19. In this way does Peter magnify the awful intensity of God's wrath. At the same time he praises his long-suffering in that he did not deprive those of the Word of salvation who at the time did not or could not believe because they hoped in the patience of God and would not be convinced that he would visit such fearful and universal punishment upon the world.

20. How this came to pass is beyond our understanding. We know and believe that God is wonderful in all his works and has all power. Therefore he who in life preached to the living, could also in death preach to the dead. All things hear, feel and touch him, though our human minds can not understand the process. Nor is it to our discredit when we are ignorant of some of the mysteries of Holy Writ. The apostles had each his own revelation, and contention concerning them would be presumptuous and foolish.

21. Such was the revelation of Christ given to the spirits that evidently perished in the flood, and we may perhaps, not inappropriately connect it with that article of our creed which speaks of the descent of Christ into hell. Such was also Paul's revelation concerning paradise, the third heaven (2 Cor 12, 2-4), and certain other matters of which we may be ignorant without shame. It is false pride to profess to understand these things. St. Augustine and other teachers give their fancy loose rein when they discuss these passages. May it not be that the apostles had revelations which St. Augustine and others did not have? But let us return to Moses.

22. A truly fearful description of the world is vouchsafed in this declaration of God that he saw Noah alone to be righteous before him, in spite of the small children and those others who had innocently been misled. Let us particularly note the term, "Before me." It signifies that Noah was blameless not only as regards the second table of the Law, but also as regards the first. He believed in God, and hallowed, preached and called upon his name; he gave thanks to God; he condemned godless teachings. For, to be righteous before God means to believe God and to fear him, and not, as they taught in popedom, to read masses, to free souls from purgatory, to become a monk, and like things.

23. This term "Before me" has reference also to the condemnation of the ancient world. Having neglected the worship demanded by the first table, they criminally transgressed also the second. Not only did they mock Noah as a fool, but they went so far as to condemn his teaching as heresy. Meanwhile they ate, drank, and celebrated festivals in security. Before the world, accordingly, Noah was not righteous; measured by her code he was a sinner.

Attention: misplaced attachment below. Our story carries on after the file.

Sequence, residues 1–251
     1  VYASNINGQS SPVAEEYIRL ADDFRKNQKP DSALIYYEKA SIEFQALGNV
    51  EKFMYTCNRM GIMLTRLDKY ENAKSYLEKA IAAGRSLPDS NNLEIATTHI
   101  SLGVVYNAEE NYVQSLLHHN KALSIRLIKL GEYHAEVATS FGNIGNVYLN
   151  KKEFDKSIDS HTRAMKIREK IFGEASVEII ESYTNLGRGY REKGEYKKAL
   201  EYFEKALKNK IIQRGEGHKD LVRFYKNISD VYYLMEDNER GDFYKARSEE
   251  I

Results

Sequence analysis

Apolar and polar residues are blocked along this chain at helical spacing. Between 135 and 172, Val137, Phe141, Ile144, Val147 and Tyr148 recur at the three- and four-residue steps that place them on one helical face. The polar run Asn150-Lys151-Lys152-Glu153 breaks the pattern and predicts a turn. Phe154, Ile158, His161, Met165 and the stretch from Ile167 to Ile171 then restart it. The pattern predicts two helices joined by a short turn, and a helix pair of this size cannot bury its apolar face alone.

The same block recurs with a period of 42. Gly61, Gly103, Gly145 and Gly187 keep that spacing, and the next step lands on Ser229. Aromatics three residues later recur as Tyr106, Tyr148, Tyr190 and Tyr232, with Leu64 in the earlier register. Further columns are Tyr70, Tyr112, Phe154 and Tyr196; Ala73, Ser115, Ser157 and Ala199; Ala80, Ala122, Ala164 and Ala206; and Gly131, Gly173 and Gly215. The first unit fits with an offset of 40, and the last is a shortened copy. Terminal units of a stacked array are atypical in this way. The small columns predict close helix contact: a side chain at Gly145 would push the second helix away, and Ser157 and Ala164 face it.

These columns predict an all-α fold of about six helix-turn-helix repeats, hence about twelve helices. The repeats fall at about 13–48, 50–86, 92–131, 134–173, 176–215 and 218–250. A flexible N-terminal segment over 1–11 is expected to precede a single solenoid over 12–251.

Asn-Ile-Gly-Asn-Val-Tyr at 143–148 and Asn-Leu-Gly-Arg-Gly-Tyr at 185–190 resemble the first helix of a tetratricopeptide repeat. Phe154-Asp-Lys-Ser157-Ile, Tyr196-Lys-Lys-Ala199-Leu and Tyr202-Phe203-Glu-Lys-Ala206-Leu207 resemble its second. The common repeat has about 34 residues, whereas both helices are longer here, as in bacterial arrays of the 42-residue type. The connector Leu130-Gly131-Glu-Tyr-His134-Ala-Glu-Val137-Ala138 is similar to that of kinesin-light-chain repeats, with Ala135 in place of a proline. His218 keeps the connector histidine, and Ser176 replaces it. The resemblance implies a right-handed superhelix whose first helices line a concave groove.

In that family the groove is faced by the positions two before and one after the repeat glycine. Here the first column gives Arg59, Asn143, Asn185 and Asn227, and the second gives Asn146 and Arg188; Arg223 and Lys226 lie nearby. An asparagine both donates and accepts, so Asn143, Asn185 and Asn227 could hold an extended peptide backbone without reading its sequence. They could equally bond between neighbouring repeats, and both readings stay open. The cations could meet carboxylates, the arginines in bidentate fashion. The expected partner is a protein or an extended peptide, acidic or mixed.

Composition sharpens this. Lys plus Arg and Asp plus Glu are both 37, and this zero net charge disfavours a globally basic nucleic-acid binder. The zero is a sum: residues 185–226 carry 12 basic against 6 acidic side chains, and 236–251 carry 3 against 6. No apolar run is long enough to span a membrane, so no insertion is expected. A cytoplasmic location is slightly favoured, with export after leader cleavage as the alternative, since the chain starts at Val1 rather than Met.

24. Hence God, or the grandfather, Methuselah, consoles Noah with the Word of counsel to disregard the blind and wicked verdict of the world, neither to care for her views and utterances, but to close eyes and ears while heeding alone the Word and verdict of God, believing himself to be righteous before God, or approved and acceptable to him.

25. And Noah's faith was truly great; he could rely upon God's utterance. I, forsooth, should not have believed. I realize what weight the whole world's hostile and condemnatory judgment must carry. We are condemned in the judgment of the Pope, the Sacramentarians, and the Anabaptists, but this is mere play and pleasure, compared to what the righteous Noah had to bear, who found not a single person in the whole world to approve of his religion or life, except his own sons and his pious grandfather. We have, the endorsement of many Churches, by God's grace, and our princes fear no danger in defense of their doctrine and religion. Noah had no such protectors, and he saw his enemies living in peaceful leisure and enjoyment. If I had been he, I surely should have said: Lord, if I am righteous, if I am well pleasing to thee and if those people are wicked and displeasing to thee, why, then, dost thou enrich them? Why dost thou heap upon them all manner of favors, while I, with my family, am greatly harassed and almost without assistance? In short, I should have despaired in such great afflictions unless the Lord had given me that spirit which Noah had.

26. Therefore, Noah is a brilliant and admirable example of faith, who opposed the judgments of the world with an heroic steadfastness of mind in the assurance that he was righteous while all the rest of the world was wicked.

27. Often when I think of those most holy men, John Huss and Jerome of Prague, I view with astonishment the courage of their souls, as they, only two in number, set themselves against the judgment of the whole world, of pope, emperor, bishops, princes, universities and all the schools throughout the empire.

28. It is helpful often to reflect upon such examples. Since the prince of the world battles against us, endeavoring to kindle despair in us with his fiery darts, it behooves us to be well armed, lest we succumb to the enemy. Let us say with Noah: I know that I am righteous before God, even though the whole world condemn me as heretical and wicked, yea, even desert me. Thus did the apostles desert Christ, leaving him alone; but he said (Jn 16, 32): "I am not alone." Thus did the false brethren desert Paul. Hence, this is no uncommon danger, and it is not for us to despair; but with courage to uphold the true doctrine, in spite of the world's condemnation and curse.

Vs. 2-3. Of every clean beast thou shalt take to thee seven and seven, the male and his female; and of the beasts that are not clean two, the male and his female. Of the birds also of the heavens, seven and seven, male and female; to keep seed alive upon the face of all the earth.